SCOTUS Punts Internet Sales Tax Dispute Back to States

Chris Gaetano
Published Date:
Dec 13, 2016

The Supreme Court of the United States declined to hear a case over whether a Colorado law requiring online retailers provide customer information to tax authorities was constitutional, booting the matter back to the states, according to Bloomberg. The Colorado rule specifically required Internet retailers doing business in Colorado to provide the state tax department with customer names, address and purchase amounts, as well as remind consumers of their obligation to pay taxes and provide a purchase summary to people who spend more than $500 in a year. 

The Direct Marketing Association challenged the rule, saying that it violated the constitution's commerce clause as it affects only out-of-state companies. The organization brought its petition to the Supreme Court after the 10th Circuit Court ruled that the law was not unconstitutional, because while it only affects out of state retailers, the law does not discriminate on its face by explicitly identifying geographical distinctions and, further, that the burdens faced by out-of-state companies can be balanced out by those imposed on in-state companies.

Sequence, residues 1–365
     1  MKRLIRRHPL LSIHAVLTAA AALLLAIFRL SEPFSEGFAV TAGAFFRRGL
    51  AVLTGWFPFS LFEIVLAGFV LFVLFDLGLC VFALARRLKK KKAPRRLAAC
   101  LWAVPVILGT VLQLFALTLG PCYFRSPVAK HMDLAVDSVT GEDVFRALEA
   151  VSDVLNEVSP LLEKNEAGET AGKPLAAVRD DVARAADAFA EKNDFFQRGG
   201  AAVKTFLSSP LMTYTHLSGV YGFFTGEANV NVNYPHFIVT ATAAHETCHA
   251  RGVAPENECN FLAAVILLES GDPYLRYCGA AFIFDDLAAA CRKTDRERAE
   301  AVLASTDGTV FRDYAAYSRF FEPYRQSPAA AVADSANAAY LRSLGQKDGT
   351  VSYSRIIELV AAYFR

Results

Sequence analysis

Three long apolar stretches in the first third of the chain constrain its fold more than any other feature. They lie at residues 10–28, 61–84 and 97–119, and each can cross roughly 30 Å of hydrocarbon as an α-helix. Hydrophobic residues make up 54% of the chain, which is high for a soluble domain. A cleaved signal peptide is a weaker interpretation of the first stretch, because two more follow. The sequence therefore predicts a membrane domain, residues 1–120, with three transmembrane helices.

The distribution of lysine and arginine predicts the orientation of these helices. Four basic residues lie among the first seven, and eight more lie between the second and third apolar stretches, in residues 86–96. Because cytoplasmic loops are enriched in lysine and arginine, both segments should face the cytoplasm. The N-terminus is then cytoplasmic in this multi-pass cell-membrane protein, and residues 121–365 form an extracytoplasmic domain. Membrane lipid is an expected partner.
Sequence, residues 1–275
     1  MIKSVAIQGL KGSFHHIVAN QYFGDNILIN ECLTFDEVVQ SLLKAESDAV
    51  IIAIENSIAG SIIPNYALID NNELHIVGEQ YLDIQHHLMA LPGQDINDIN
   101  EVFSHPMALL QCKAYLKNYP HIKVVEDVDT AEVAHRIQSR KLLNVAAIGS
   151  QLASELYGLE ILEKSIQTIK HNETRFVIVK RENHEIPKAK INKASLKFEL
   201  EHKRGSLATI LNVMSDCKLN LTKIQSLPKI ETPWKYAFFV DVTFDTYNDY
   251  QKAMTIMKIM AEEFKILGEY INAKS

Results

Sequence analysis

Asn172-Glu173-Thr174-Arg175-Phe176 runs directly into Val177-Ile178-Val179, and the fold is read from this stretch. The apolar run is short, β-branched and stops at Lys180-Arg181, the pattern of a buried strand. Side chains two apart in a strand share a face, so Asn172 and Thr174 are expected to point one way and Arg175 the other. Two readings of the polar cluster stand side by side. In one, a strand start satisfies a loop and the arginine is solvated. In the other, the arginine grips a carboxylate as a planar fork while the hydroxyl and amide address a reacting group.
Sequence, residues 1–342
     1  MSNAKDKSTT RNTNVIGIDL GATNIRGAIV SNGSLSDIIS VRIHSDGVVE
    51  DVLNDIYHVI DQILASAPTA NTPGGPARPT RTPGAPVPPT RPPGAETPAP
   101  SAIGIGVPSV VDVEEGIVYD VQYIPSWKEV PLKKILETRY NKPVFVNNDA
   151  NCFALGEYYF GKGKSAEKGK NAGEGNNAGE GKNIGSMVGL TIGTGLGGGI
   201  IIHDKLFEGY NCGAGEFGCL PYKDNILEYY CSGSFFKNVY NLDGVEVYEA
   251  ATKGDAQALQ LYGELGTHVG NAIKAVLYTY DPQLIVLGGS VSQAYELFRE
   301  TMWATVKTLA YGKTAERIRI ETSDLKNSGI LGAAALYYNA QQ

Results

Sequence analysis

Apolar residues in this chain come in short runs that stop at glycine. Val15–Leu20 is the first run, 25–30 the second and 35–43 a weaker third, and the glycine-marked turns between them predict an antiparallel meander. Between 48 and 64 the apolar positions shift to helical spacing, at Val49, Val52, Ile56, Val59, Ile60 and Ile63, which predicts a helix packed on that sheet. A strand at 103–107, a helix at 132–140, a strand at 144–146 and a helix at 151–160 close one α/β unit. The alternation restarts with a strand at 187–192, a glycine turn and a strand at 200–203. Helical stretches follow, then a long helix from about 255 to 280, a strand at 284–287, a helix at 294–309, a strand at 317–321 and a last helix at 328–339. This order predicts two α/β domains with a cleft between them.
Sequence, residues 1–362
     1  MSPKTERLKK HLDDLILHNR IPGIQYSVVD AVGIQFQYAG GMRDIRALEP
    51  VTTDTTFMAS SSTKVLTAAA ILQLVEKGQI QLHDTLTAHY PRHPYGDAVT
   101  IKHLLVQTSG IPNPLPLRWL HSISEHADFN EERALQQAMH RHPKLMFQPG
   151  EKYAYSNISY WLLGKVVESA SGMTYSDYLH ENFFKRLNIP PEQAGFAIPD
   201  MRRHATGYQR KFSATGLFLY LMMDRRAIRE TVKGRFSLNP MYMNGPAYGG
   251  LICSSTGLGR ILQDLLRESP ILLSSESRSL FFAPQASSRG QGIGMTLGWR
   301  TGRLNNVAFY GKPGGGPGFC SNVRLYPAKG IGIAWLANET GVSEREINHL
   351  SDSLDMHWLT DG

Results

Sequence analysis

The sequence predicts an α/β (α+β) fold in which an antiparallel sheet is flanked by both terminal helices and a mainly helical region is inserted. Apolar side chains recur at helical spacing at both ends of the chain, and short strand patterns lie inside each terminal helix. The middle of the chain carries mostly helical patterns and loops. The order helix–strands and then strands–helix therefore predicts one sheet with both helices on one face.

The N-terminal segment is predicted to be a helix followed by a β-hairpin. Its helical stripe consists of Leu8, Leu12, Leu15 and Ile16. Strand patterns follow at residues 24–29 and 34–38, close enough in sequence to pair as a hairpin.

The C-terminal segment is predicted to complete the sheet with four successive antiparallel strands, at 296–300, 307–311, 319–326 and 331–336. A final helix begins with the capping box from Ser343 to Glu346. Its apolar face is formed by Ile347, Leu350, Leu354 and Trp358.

In its own brief, however, the Colorado Department of Revenue argued that the current sales tax regime, which requires a physical presence in the state, makes no sense with the growth of e-commerce. It said that the court accepting the Direct Marketing Association's claims would transform discrimination claims under the commerce clause into their own unique category separate from all other comparable forms of discrimination analysis. It also argued that there is no circuit split or other disagreement among lower courts meriting SCOTUS review. With this in mind, it asked the Supreme Court to decline hearing the case. 

With the SCOTUS siding with Colorado, the matter is now back in the hands of the state. 

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